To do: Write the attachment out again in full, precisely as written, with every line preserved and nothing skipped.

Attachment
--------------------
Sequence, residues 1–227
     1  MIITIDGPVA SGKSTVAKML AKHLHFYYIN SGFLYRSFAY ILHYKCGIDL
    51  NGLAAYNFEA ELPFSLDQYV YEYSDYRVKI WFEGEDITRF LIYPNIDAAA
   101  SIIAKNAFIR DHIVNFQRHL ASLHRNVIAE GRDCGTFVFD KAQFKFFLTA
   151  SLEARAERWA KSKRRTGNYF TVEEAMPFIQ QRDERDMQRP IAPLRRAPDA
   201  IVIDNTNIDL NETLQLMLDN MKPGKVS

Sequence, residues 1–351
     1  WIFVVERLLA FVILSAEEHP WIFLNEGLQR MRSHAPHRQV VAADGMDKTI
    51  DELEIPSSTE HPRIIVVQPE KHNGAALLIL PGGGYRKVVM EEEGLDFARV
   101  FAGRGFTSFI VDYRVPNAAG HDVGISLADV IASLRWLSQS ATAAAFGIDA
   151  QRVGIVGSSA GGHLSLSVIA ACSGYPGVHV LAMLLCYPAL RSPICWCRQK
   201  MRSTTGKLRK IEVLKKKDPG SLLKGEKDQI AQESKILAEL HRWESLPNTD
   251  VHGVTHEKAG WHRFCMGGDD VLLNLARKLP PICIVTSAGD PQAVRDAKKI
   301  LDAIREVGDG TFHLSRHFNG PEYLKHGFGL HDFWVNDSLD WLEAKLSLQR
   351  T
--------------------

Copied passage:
Sequence, residues 1–227
     1  MIITIDGPVA SGKSTVAKML AKHLHFYYIN SGFLYRSFAY ILHYKCGIDL
    51  NGLAAYNFEA ELPFSLDQYV YEYSDYRVKI WFEGEDITRF LIYPNIDAAA
   101  SIIAKNAFIR DHIVNFQRHL ASLHRNVIAE GRDCGTFVFD KAQFKFFLTA
   151  SLEARAERWA KSKRRTGNYF TVEEAMPFIQ QRDERDMQRP IAPLRRAPDA
   201  IVIDNTNIDL NETLQLMLDN MKPGKVS

Sequence, residues 1–351
     1  WIFVVERLLA FVILSAEEHP WIFLNEGLQR MRSHAPHRQV VAADGMDKTI
    51  DELEIPSSTE HPRIIVVQPE KHNGAALLIL PGGGYRKVVM EEEGLDFARV
   101  FAGRGFTSFI VDYRVPNAAG HDVGISLADV IASLRWLSQS ATAAAFGIDA
   151  QRVGIVGSSA GGHLSLSVIA ACSGYPGVHV LAMLLCYPAL RSPICWCRQK
   201  MRSTTGKLRK IEVLKKKDPG SLLKGEKDQI AQESKILAEL HRWESLPNTD
   251  VHGVTHEKAG WHRFCMGGDD VLLNLARKLP PICIVTSAGD PQAVRDAKKI
   301  LDAIREVGDG TFHLSRHFNG PEYLKHGFGL HDFWVNDSLD WLEAKLSLQR
   351  T